“Un-soloing” an organization,  whether it is a Fortune 100 enterprise with global divisions or a small business with three employees with distinct responsibilities, takes time, commitment, often a change in culture and team work.

These boots are made for walkin' .. or perhaps we should change the song to these shoes were made for runnin'!Running shoe

Miracle On The Social Media Street

12/25/2009

Before you go off the grid for the holidays .. or perhaps when you come back on after toasting in 2010 .. imagine a time when there was no Internet or Twitter or blogs or Facebook or even email. It is Christmas 1947 and the CEO of a major retail organization briefs the company's ad department.

  • "No high pressuring and forcing the customer to take something he doesn't want. We'll be known as the helpful store. The friendly store. The store with a heart. The store that places public service ahead of profit. The plan sounds idiotic and impossible...consequently, we'll make more profit than ever before."

Miracle on 34th street No, it's not a new Twitter customer care strategy. But it is an innovative sales program launched in 1947 by Macy's Department Store .. it was a Miracle On 34th Street .. on the silver screen. Customers would not be coerced into buying what they did not want and if another store had a better, less expensive product Macy's would send them to that store.

Fast forward 62 years to 2009. Social media is one of the most exciting marketing strategies we've seen in the last 60+ years. Social media teaches us many lessons. One of the most important for marketers is our business is not all about the brand .. it is all about the customer. As with so many lessons, we seem to keep relearning this one.

In the world of conversational marketing there is no room for high-pressure sales techniques. As Mr. Macy learned we have to take our lead from our customers. Adding a relationship focused social media strategy to your master marketing plan can be a powerful initiative which demonstrates that you place your customers' needs above a one-off sale.

The digital relationships that the people (not departments) who are the heart of your brand can set off a chain reaction. Continuous listening -> which leads to continuous learning -> which leads to a continuous conversations -> which leads to trust -> which leads to loyalty -> which leads to the cash register bells ringing. And every time a cash register bell rings a marketer gets a bonus or gets to keep her job (!).. oops wrong film. Sorry.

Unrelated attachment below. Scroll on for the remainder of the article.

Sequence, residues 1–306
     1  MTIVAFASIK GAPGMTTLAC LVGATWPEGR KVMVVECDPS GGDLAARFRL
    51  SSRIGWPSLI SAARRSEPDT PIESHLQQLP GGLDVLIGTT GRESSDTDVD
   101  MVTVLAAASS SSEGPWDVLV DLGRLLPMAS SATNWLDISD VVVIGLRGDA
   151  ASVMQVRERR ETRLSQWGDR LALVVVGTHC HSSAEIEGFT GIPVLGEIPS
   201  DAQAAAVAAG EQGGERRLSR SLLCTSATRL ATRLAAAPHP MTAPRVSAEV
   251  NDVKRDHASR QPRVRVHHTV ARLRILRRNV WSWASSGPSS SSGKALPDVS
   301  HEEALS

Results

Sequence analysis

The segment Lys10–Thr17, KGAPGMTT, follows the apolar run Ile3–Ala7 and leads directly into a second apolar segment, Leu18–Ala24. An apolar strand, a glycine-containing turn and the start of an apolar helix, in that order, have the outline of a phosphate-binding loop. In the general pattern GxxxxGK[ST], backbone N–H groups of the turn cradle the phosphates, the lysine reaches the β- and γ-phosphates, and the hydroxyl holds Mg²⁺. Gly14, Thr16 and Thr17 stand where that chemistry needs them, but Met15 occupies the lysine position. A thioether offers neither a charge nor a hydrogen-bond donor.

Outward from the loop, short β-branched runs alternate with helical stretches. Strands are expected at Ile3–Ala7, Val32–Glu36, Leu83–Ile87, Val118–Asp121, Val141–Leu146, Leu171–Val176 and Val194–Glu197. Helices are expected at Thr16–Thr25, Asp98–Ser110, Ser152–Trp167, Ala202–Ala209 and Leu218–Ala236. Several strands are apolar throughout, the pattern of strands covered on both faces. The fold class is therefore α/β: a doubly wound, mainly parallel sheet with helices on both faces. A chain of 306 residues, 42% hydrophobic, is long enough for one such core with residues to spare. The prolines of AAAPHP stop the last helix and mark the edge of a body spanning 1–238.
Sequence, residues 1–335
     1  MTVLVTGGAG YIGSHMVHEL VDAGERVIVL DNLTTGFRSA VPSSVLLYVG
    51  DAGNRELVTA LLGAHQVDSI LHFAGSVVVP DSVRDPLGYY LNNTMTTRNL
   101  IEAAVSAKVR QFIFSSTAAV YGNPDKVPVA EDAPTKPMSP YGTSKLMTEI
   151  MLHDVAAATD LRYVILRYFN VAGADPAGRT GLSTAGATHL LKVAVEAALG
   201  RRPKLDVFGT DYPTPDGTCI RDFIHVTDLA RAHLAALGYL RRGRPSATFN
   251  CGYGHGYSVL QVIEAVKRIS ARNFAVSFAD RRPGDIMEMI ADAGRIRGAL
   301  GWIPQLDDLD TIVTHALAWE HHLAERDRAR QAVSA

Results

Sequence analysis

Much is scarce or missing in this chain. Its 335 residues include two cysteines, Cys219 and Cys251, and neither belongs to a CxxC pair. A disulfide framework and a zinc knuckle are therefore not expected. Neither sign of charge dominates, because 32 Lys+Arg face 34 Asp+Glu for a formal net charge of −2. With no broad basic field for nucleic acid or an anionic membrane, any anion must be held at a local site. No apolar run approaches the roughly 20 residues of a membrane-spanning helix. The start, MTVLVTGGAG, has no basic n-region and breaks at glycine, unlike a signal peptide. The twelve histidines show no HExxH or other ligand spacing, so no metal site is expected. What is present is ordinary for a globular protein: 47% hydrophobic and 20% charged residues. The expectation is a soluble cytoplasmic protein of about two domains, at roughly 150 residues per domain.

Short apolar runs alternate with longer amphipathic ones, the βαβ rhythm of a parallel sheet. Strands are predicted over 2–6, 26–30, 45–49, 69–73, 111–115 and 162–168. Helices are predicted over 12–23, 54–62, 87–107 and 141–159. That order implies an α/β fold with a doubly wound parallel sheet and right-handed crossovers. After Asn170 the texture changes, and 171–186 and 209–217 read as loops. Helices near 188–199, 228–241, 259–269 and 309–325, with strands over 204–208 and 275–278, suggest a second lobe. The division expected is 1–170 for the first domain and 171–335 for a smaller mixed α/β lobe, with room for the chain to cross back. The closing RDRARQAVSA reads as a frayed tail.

Corner grocery store digital relationships that are build not only with you and your customers, but among your customers, could never have been imagined when Kris Kringle entered Macy's in 1947. However, even as we approach 2010, for many organizations open conversations still seem like a Miracle on (insert organization name here) or like the ghost of Xmas future (oops wrong movie again. Sorry.)

The plan sounds idiotic and impossible... consequently, we'll make more profit than ever before.

As we begin 2010, technology developments spin even faster taking digital marketing into areas that were impossible in '47 or '57 or even '09.

Imagine a site that holds current inventory and pricing, allows for on-line financing and results in better, faster cheaper processing.

Imagine a site that allows for product customization.

Imagine a site where you can start a conversation with a real person about what matters to you regarding a product or service.

Imagine a site where you can talk to a real person who doesn't respond with an FAQ list.

Imagine a site where you can actually help change the direction of a product or service before it's even launched.

Imagine a site where you can include your review of the product, service or customer care.

Imagine a site where you can talk to people about their experiences and learn from each other.

Imagine a company that doesn't close the door (or comment section) to you or your ideas.

The plan sounds idiotic and impossible...consequently, we'll make more profit than ever before.

It's interesting to compare a 1940's film, where finding solutions to customers' problems was perceived as unique, to 2009 where finding solutions to customers' problems is considered ingenious.

The techniques may have changed. New buzz words may be added to the mix. Bells and whistles may be a little louder. However, after all is said and done, the premise remains the same:

-Listen

-Understand

-Add value

-Do what it takes to go the extra mile to delight your customer

The plan sounds idiotic and impossible...consequently, we'll make more profit than ever before.

Toby max santa hats  And with that Max and I wish you a holiday full of joy and all things wonderful in the new year.

Sidebar: A Classic Diva Marketing post based on an article written for AMA Marketing News.